Here’s what we’re reading for the week of June 8th, 2021.
David Whyte, founder and chief executive of Edge, believes that now is the time for brands to wake up to the opportunities of Gen X and Baby Boomer influencers who are shattering stereotypes and creating new models, particularly on YouTube. Whyte cites the success that 57-year-old guitarist Rick Beato is having on YouTube, where his music channel boasts over 1.7 million subscribers.
Why it matters: Sixty-eight percent of consumers age 55 or older shop online every month yet just 5 percent of advertising in the US is targeted at these consumers. As Whyte notes, though the influencer landscape was for years the sole domain of millennials and Gen Z, advertisers should also consider that Baby Boomers are over ten times wealthier than their millennial counterparts.
Harvard Business Review
To determine when teams whose members live in different countries perform better, HBR observed the behaviors and interactions of 5,728 individuals in 804 remote international teams while they worked during several months on business consulting projects.
Why it matters: Their analyses found that personal diversity, such as differences in age and culture, can negatively affect team climate. These members find it less enjoyable to spend time together, trust each other less and generally communicate less–which leads to more conflicts.
In contrast, HBR found that contextual diversity, created by members that come from countries with different economic and political systems, can positively affect task performance because it allows for more perspectives, which boosts creativity and creates a better solution to problems.
After simply throwing money into video creative without measuring performance, Kuru Footwear partnered with VidMob, whose creative intelligence tool analyzes the creative variables in a video frame to isolate why the video is performing or not. Atom Finance partnered with VidMob on a similar approach to grow in-app engagement.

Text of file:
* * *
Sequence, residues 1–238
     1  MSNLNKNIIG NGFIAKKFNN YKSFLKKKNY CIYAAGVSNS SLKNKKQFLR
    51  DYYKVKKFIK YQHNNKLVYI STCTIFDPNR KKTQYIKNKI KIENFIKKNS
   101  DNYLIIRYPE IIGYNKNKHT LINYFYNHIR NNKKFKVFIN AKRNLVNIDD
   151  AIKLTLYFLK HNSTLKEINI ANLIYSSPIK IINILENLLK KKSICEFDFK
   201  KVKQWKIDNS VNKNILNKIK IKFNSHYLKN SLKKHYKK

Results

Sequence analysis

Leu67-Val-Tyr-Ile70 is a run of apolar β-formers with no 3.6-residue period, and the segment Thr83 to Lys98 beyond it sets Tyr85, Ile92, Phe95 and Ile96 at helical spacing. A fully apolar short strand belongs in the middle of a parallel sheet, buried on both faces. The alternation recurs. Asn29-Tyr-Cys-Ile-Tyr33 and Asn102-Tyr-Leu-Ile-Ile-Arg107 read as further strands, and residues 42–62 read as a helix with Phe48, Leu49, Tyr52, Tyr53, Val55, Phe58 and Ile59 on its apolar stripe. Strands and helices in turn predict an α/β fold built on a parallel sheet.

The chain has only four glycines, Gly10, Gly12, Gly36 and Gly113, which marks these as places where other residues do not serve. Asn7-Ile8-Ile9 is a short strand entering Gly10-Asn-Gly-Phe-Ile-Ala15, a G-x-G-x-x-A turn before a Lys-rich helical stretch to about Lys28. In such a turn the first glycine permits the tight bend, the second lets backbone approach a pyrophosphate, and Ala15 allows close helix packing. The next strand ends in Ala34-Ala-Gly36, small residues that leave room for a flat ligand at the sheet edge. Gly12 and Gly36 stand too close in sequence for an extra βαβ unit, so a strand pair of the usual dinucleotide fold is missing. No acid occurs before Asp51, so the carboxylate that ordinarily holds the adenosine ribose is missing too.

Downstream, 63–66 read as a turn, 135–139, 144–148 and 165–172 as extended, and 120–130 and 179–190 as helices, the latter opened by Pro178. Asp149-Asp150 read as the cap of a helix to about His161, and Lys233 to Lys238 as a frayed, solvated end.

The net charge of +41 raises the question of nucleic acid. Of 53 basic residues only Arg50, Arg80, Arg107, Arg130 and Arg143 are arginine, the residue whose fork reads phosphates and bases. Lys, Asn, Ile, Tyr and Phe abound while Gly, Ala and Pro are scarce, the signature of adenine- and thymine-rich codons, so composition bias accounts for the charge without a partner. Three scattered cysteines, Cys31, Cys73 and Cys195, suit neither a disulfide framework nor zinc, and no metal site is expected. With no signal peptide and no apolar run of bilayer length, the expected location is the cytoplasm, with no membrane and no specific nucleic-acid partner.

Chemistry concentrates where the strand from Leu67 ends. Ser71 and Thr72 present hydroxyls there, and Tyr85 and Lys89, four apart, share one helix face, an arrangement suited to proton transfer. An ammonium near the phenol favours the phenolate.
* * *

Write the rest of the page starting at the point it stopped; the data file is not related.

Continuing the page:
Why it matters: After a round of A/B testing, KURU Footwear learned that lifestyle footage of people wearing its shoes and engaging in everyday activities like running in the park, alongside direct response calls-to-action, performed best. This new creative had a 15 percent higher return on ad spend and a 15 percent lower cost per purchase than the brand’s previous video assets.
For Atom Finance, the partnership with VidMob resulted in modified videos that generated a nearly 30 percent lift in app engagement after signup.
Mastercard and World Rugby have announced a five-year partnership that will see the former use its Priceless platform to curate experiences with World Rugby and brand ambassadors. Mastercard, whose goal is to connect with consumers in new ways, will also be developing rugby-specific content as an extension of its dedication to gender equity and ‘Girls4Tech’ STEM education program.
Why it matters: Mastercard will become the first worldwide partner for Rugby World Cup 2021, Rugby World Cup 2025 and the first Global Partner of WXV, the annual global women’s competition set to begin in 2023.